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Coronavirus: What's happening in Canada and around the world on Wednesday –



The latest:

  • U.S. to reopen land border to fully vaccinated Canadians next month.

  • Some unvaccinated people are going public after getting COVID-19. Will it convince others to get the shot?

  • Alberta’s vaccine passport will be in place into next year, Kenney says.

  • Still worried about getting a vaccine for COVID-19? Here’s how to understand the rare, but real, risks.

  • Have a coronavirus question or news tip for CBC News? Email:

WATCH | Will Canadians with mixed dose vaccines be able to travel to the United States?

Will the U.S. recognize your mixed COVID-19 vaccine doses?

2 hours ago

Former U.S. assistant surgeon general Dr. Ali Khan talks about why he believes mixed doses of COVID-19 vaccines, which have been widely used in Canada, will soon be accepted as meeting the definition of “fully vaccinated” by the United States. 3:25

The Pan American Health Organization (PAHO) said on Wednesday that COVID-19 cases are dropping overall in North America but remain high in the American Midwest, Alaska and Canada’s Northwest Territories, where infection rates are 10 times the national average.

Infections are also dropping across South America, though cases are up in the greater Caracas area of Venezuela, and in parts of Chile’s southernmost regions.

In the Caribbean, Barbados is reporting the highest number of COVID cases and deaths since the pandemic started, with a five-fold increase in infections over the last month, PAHO said.

The regional branch of the World Health Organization called for concerted action in the Americas to help every country reach WHO’s vaccination coverage target of 40 per cent of their population by the end of this year.

People line up to receive their vaccine in Managua, Nicaragua. The country has only vaccinated 20 per cent of its eligible population against COVID-19. (Maynor Valenzuela/Reuters)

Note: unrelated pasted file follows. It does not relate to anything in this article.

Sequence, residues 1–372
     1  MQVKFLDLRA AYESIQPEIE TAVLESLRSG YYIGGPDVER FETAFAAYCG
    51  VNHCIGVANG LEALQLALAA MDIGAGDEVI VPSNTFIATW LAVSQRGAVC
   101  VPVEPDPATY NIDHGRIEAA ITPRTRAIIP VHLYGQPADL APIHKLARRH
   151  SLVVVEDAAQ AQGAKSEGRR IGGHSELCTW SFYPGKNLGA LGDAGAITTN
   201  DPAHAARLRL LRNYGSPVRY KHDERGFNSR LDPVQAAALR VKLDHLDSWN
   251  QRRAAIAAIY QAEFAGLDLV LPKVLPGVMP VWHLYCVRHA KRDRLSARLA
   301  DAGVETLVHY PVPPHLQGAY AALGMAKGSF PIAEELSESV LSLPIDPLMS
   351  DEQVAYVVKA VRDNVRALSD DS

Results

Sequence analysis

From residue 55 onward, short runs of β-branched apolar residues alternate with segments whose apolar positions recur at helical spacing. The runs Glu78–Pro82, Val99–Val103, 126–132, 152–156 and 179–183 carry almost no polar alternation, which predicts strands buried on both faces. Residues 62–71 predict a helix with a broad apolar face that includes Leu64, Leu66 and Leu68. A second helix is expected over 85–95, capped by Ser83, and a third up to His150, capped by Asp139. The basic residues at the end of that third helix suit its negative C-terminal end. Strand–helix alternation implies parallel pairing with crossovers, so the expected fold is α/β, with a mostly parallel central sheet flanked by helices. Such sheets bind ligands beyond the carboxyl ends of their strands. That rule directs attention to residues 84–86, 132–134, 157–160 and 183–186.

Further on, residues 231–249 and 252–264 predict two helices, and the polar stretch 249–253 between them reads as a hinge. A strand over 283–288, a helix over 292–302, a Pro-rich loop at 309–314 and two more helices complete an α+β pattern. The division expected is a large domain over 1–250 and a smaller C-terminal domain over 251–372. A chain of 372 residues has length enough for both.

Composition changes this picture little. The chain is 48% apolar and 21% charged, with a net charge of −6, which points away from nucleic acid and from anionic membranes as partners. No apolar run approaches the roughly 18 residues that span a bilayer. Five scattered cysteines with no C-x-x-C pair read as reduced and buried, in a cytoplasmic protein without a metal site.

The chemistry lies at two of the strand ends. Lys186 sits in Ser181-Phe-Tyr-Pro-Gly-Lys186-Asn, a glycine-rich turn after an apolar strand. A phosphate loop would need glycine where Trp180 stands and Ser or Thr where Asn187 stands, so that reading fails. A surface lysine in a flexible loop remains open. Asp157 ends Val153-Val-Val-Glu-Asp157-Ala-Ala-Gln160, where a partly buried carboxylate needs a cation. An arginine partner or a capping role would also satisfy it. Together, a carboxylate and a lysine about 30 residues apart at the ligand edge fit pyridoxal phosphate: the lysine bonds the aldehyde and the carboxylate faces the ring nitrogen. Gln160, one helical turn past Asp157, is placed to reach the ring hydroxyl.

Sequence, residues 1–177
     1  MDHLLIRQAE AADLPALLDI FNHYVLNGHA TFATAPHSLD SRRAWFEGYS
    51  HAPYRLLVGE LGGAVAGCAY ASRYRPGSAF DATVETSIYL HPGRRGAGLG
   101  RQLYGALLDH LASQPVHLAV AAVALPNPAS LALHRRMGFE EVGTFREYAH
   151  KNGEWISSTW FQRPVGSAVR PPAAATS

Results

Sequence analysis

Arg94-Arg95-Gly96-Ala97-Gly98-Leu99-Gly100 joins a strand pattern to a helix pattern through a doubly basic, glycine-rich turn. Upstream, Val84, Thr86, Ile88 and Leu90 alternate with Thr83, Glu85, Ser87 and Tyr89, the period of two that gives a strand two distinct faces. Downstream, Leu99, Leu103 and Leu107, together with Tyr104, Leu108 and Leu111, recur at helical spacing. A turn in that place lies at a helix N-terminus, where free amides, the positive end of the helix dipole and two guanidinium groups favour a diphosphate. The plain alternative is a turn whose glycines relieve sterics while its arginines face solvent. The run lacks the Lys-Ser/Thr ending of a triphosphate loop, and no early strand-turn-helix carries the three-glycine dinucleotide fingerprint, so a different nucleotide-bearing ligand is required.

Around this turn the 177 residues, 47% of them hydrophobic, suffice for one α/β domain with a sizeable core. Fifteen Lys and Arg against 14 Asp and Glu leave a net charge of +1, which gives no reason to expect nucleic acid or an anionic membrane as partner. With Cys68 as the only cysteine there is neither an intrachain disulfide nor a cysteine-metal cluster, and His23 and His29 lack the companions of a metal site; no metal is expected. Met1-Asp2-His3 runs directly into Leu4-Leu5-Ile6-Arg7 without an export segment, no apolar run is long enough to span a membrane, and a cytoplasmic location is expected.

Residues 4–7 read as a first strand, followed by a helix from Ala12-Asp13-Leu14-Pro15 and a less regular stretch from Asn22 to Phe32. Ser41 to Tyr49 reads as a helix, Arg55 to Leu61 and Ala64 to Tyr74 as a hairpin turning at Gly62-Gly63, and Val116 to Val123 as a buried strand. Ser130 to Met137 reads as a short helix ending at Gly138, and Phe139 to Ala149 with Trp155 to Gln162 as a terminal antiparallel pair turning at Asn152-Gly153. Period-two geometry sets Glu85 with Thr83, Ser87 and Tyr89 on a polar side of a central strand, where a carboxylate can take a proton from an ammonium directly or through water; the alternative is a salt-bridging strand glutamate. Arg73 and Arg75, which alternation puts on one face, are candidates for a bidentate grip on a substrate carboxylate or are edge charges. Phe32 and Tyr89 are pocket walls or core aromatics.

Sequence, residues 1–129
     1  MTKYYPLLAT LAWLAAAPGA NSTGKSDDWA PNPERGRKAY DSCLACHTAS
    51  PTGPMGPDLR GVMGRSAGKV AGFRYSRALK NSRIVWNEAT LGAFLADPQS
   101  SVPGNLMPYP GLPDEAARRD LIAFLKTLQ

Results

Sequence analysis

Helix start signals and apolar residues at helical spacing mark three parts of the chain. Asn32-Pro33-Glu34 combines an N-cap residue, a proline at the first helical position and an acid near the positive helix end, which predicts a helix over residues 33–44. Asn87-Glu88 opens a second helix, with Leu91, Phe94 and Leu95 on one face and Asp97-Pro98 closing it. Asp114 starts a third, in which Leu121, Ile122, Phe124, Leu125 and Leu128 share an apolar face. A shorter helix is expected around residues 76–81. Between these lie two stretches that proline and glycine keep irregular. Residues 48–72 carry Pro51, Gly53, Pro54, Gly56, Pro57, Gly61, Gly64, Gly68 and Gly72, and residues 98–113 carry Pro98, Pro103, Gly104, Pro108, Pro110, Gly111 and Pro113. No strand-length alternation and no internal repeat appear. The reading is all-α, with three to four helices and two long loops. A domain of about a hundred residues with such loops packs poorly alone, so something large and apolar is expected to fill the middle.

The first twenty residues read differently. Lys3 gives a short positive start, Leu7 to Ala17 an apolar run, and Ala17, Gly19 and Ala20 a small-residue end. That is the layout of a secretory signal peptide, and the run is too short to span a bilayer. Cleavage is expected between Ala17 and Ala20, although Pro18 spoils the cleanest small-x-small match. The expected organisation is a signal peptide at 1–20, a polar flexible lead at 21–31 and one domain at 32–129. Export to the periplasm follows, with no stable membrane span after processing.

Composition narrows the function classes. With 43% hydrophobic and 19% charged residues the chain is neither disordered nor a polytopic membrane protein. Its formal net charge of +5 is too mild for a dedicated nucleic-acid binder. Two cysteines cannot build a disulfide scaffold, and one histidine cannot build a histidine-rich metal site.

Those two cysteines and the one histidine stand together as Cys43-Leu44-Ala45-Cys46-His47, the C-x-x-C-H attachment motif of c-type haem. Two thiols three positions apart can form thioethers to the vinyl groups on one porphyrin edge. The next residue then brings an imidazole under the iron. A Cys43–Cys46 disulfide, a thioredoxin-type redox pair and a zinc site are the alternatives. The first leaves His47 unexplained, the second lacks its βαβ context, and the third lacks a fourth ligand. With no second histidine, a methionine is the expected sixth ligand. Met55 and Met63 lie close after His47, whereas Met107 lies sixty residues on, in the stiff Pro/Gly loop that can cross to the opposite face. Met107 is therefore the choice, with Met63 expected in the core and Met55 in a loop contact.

So far, only nine countries in the region have vaccinated 50 per cent of their people, while six — Jamaica, St. Lucia, St. Vincent and the Grenadines, Haiti, Guatemala and Nicaragua — have yet to reach 20 per cent vaccination coverage, according to PAHO.

Without concerted action to increase the vaccination rate and public health measures, it is possible that COVID-19 could become endemic in the region, PAHO Director Carissa Etienne warned in a weekly briefing.

What’s happening across Canada

Quebec suddenly postpones vaccine mandate for health-care workers

5 hours ago

Quebec Health Minister Christian Dubé says the province will extend the Oct. 15 deadline for mandatory health worker vaccination to Nov. 15 to allow workers more time to get their shots. (Paul Chiasson/The Canadian Press) 0:58

WATCH | Getting a flu shot this year may be even more important than usual: 

Flu shot very important as pandemic lingers, says specialist

It’s hard to predict what kind of influenza season Canada might see this year, so people should get both their COVID-19 vaccines and a flu shot, even at the same time, says Dr. Susy Hota, Medical director for infection prevention and control at Toronto’s University Health Network. 5:12

What’s happening around the world

As of Wednesday afternoon, about 238.9 million cases of COVID-19 had been reported worldwide, according to Johns Hopkins University’s coronavirus-tracking tool. The reported global death toll stood at more than 4.8 million.

In Europe, Hungary has agreed to provide care to several dozen COVID-19 patients from neighbouring Romania in the coming days. Romania has struggled with record coronavirus cases, hospitalizations and deaths. The country has received 5,200 doses of monoclonal antibodies from Italy to assist with a rapid surge of infections amid low vaccination rates.

In the Asia-Pacific region, airlines are ramping up flights and ticket offers as some of the world’s strictest pandemic-related travel rules begin to ease.